In this hypothetical, the estate might opt to pursue full recovery despite its financial limitations through one of two options. Under Option A, the estate could hire counsel on a contingency basis and pay them 40% of any recovery instead of hourly fees (saving $2 million in upfront costs). Under Option B, the estate could hire counsel on an hourly basis and also contract with a litigation funder so that the funder pays 100% of the total litigation fees and expenses (i.e., the $2 million) in return for 3x of the funder’s deployed capital. Of course, the impact of the financing terms on estate and creditor recoveries is highly variable and will depend on the unique terms of the law firm engagement or third-party investment. But, as Figure 1 and Figure 2 show, in this example, the estate keeps a greater portion of the litigation recoveries (Litigation Proceeds Recovery Rate) when portfolio litigation financing is used compared with contingency counsel.
As the calculations in Figure 1 and Figure 2 demonstrate, litigation financing is the more attractive financing option in this example. Both options allow the estate to pursue all its relevant claims without spending any money up front, and yet when the estate uses litigation funding, it retains some $14 million more (or an extra 28%) of the recovered assets compared with the contingency counsel arrangement.
A portfolio funding is likely to be most successful if it meets the following criteria:
Put simply, portfolio funding tends to offer greater improvement on returns for an estate as potential recovery amounts rise – even assuming that such recoveries will require more legal fees and costs to pursue.
Let’s revisit the above hypothetical but tweak it so that the estate’s proposed litigation recovery ranges from $1.6 million up to $300 million. For these purposes, we can also assume that the total costs of litigating the cases are higher when the economic stakes are higher, so instead of the $2 million in costs discussed above, we adjust the total costs of the litigations at a rate of half the percentage of the change in recoveries. As Figure 3 demonstrates, the greater the recovery, the more the estate keeps on a percentage basis when litigation financing is used, but the estate gets a better recovery under a contingency fee arrangement when the assumed recoveries fall below a certain threshold.
The inflection point will vary depending on cases involved and the terms of the engagements. Ideally, the set of cases pledged to the funder will be diverse. Different underlying claims, varying legal theories, and unrelated defendants are welcome factors and should reduce the risk of a zero recovery to the funder. Diversity among portfolio cases should allow the funder to provide more favorable terms.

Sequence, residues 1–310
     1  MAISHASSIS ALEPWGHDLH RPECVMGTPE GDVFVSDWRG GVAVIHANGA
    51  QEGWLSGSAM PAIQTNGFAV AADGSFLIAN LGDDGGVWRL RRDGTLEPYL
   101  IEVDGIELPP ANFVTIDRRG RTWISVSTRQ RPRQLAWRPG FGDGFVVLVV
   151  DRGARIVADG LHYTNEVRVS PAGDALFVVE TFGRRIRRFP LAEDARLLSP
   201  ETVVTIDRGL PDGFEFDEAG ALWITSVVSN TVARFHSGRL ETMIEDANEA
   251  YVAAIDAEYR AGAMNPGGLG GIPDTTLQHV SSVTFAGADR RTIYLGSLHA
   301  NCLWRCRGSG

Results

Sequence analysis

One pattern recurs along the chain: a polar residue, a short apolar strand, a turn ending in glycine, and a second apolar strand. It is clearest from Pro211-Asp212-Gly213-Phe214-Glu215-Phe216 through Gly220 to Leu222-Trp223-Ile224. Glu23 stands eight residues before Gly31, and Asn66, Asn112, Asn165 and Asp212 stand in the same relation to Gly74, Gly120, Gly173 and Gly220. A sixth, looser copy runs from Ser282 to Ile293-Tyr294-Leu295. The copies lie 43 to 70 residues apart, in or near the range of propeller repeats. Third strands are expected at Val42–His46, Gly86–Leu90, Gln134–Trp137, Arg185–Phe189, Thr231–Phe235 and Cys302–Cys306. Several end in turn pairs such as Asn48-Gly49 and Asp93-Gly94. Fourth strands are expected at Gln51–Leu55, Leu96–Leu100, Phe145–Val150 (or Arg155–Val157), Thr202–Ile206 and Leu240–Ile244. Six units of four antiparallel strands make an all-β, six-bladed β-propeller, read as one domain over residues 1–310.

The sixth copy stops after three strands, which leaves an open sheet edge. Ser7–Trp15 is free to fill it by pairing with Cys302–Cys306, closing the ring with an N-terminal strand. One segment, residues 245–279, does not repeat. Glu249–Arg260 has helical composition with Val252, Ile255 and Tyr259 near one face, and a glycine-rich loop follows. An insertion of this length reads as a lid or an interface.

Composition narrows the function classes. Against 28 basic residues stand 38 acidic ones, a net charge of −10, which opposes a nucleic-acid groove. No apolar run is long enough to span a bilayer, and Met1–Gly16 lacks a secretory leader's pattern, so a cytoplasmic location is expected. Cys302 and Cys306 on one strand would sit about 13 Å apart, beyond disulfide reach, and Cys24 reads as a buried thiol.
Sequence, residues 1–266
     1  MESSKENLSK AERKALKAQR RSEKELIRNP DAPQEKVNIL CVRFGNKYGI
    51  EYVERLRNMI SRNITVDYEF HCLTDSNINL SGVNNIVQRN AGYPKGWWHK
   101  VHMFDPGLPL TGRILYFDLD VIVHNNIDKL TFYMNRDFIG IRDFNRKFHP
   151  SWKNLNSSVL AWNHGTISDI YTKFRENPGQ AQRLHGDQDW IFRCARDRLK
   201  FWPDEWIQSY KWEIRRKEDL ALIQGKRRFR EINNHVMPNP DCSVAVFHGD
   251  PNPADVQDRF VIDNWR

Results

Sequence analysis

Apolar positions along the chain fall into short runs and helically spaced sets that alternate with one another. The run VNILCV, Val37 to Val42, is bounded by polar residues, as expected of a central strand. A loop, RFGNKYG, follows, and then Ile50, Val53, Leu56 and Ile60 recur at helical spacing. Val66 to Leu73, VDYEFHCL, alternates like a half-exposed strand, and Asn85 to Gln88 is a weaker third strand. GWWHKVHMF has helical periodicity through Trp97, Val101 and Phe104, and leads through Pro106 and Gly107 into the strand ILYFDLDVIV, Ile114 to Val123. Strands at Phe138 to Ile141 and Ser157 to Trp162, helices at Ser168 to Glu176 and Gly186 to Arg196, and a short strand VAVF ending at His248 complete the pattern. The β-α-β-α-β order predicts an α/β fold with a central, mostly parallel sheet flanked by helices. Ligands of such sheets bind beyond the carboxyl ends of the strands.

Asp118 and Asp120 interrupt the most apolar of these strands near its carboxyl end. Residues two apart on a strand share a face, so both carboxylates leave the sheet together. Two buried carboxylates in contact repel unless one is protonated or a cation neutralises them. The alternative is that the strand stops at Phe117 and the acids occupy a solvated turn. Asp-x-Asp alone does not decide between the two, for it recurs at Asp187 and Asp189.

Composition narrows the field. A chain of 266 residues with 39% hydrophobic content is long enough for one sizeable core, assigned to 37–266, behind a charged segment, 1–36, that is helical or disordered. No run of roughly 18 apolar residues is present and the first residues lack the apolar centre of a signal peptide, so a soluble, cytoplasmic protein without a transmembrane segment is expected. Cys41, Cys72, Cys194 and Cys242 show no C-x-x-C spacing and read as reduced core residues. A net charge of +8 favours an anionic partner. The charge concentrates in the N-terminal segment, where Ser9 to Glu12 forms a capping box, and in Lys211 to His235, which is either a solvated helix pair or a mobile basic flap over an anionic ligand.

Litigation funders and contingency counsel can and often do work together to finance cases. While potentially lucrative for outside counsel, representing a litigation trust on a contingency basis may involve putting significant funds at risk to pay for outside experts, discovery and court costs, and other expenses, with no guarantee that the firm will be repaid. If costs grow too onerous and litigation drags on, contingency counsel may feel pressure to spend less time and money on a case, potentially sacrificing on the quality of experts, to reduce their firm’s financial exposure. With an injection of litigation funding, a debtor or trustee can shoulder its share of out-of- pocket costs, relieving the pressure on contingency counsel.
In addition, if a client needs working capital to operate its business while a litigation is pending, working with a litigation funder can help relieve a client of the pressure to take a lowball settlement offer. Contingency counsel that has already invested in several cases can also use litigation funding to monetize all or a portion of the fees it expects to receive to stopgap lumpy cash flows.
The decision about whether to pursue a cause of action, and how vigorously to pursue it, should turn on the merits of the case and not the parties’ financial resources. Litigation funding and contingency fee arrangements allow claimants in bankruptcy to finance a case when hourly fee arrangements are either not available or undesirable. In some circumstances, these two financing options can be used together to help maximize potential recoveries to creditors.
The views expressed in this article are those of the authors alone.
Materials reproduced with the permission of LexisNexis. www.lexisnexis.com/practice-advisor
Ken Epstein, JD
Investment Manager and Legal Counsel, Bentham IMF